Vaughan & Chiang's "Paper Girls" Builds a Familiar Yet Disconcerting World
There were myriad questions raised Friday in the immediate aftermath of the U.S. Supreme Court’s landmark marriage-rights ruling, but we know the answer to at least one of them: the two Dallas retailers who closed their comic store so they could head to the courthouse were able to tie the knot.
Although they weren’t certain the justices would issue their ruling on Friday, Kenneth Denson and Gabriel Mendez, co-owners of Red Pegasus Comics & Games, decided to take a chance, and posted a sign on the door explaining to costumers that the store might open late, because, “we’re waiting at the courthouse to see if the Supreme Court is going to let us get married.” A photo of the sign quickly went viral.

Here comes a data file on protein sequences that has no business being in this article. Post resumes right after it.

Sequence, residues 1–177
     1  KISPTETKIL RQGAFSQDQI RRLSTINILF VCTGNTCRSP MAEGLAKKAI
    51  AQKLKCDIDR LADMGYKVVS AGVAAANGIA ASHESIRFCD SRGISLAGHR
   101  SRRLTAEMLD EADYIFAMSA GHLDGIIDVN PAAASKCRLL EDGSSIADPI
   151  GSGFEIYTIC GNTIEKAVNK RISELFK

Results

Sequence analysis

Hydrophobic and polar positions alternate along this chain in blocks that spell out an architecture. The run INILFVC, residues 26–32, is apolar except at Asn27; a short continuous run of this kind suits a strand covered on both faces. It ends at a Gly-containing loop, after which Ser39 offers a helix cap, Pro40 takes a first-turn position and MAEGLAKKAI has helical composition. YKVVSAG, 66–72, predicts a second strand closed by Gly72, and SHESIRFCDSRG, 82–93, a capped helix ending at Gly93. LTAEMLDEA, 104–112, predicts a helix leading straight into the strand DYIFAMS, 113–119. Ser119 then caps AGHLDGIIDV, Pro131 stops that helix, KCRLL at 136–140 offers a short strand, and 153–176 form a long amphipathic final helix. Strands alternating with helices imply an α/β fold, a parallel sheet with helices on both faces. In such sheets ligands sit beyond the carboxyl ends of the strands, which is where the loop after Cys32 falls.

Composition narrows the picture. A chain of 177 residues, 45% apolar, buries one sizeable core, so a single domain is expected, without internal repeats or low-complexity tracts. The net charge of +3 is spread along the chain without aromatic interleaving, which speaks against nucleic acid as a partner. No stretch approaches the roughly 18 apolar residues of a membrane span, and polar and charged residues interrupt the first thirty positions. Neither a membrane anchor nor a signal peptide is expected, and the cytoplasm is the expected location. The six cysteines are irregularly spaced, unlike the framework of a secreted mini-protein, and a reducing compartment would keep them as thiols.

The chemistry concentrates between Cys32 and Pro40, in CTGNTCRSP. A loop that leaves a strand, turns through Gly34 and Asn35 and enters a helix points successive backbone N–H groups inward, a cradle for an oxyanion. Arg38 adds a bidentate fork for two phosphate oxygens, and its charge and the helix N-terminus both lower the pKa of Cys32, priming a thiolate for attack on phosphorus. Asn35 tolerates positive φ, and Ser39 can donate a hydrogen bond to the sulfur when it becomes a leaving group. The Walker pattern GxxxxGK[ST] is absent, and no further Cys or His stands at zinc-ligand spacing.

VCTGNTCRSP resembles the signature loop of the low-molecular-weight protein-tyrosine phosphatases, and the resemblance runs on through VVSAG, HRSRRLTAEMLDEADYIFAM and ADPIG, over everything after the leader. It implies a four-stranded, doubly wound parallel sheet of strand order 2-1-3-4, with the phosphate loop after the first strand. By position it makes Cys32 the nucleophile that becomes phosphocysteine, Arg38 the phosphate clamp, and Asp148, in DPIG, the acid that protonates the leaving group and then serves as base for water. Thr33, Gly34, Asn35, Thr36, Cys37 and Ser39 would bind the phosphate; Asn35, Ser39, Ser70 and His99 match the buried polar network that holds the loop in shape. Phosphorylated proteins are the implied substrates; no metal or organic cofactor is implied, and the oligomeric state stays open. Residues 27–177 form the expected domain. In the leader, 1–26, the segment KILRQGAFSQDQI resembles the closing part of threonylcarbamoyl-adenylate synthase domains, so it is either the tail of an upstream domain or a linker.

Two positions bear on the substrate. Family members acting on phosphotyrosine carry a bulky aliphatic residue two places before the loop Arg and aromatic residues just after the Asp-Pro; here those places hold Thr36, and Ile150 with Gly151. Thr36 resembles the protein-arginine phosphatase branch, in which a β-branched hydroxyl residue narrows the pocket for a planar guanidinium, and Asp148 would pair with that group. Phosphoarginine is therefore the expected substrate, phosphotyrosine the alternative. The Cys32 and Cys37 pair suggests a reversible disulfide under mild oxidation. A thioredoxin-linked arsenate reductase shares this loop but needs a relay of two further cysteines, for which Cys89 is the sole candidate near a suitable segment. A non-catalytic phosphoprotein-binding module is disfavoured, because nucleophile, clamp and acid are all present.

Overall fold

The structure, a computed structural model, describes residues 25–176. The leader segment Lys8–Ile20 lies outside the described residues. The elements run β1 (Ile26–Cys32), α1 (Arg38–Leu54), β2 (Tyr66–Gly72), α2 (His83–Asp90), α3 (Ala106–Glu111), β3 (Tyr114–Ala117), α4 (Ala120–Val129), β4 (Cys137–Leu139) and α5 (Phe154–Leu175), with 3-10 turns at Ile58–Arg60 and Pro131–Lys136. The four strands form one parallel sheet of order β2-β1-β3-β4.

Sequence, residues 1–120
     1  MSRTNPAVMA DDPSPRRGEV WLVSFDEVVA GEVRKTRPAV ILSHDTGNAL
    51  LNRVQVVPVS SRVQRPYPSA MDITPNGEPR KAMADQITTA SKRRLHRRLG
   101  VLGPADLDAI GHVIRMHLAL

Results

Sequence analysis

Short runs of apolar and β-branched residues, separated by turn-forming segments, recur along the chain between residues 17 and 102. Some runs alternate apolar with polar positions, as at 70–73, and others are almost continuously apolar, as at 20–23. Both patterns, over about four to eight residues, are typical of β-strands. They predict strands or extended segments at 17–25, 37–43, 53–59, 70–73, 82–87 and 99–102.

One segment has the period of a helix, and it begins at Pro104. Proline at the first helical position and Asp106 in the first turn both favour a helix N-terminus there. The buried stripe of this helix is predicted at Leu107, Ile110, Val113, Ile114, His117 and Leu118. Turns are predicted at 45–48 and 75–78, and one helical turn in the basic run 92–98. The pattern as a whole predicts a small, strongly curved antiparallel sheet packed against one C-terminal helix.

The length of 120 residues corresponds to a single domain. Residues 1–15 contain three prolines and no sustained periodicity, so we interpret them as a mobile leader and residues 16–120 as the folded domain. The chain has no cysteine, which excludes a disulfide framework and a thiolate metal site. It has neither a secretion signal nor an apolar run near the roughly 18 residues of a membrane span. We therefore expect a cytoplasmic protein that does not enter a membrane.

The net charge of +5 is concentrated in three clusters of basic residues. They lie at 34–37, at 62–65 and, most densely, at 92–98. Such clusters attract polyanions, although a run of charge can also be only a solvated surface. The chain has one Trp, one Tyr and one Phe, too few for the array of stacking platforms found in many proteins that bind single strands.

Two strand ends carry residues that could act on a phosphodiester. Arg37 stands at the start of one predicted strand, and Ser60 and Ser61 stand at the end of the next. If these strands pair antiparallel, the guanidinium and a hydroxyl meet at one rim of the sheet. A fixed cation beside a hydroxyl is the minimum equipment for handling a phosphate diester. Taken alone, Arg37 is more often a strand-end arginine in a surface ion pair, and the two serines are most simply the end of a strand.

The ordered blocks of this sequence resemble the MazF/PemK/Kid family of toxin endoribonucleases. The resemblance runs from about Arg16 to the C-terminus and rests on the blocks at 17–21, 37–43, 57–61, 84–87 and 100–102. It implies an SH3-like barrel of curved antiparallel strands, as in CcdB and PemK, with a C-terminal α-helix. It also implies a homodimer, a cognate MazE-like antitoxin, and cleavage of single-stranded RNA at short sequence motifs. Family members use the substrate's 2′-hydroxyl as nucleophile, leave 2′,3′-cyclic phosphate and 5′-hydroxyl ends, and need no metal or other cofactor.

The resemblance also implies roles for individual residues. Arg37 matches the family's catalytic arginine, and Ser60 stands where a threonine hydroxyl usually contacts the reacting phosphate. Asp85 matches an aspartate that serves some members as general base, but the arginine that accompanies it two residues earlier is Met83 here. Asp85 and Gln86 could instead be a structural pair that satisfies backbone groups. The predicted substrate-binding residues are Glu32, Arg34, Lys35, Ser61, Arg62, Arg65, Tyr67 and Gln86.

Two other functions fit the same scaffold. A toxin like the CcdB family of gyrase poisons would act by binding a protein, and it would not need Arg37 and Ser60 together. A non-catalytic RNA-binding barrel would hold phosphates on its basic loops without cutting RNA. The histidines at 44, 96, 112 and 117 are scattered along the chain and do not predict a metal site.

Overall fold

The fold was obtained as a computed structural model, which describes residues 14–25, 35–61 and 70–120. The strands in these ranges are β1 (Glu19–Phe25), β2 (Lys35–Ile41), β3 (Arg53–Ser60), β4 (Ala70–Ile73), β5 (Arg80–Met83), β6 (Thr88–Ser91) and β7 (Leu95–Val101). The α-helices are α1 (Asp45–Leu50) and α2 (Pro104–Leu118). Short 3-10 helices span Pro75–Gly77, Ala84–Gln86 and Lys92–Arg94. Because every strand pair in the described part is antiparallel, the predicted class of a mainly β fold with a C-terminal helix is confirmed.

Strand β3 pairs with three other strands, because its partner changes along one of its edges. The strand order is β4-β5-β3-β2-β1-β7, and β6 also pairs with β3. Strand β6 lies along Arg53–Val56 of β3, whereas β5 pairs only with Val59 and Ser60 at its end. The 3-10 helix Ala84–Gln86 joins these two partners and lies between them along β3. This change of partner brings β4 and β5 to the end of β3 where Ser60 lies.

Angoulême is synonymous with comics, so it’s probably to be expected that when marriage-equality supporters marched in the French city last weekend they enlisted some familiar faces for the cause.
On her blog, local artist Algesiras posts a handful of photos of banners depicting several famous comic characters sharing a same-sex kiss. There’s Tintin and Captain Haddock, Catwoman and Poison Ivy, Asterix and Obelisk, Minnie Mouse and Daisy Duck, Blake and Mortimer, and Spirou and Fantasio, among others.
“Notice the rings on the hands of the characters,” Algesiras writes. “I think the best one is the one with the Smurfette, because it mocks the fact that the Smurfette is the only female in the Smurfs world. She’s not alone anymore.”
The 40th annual Angoulême International Comics Festival kicks off Jan. 31.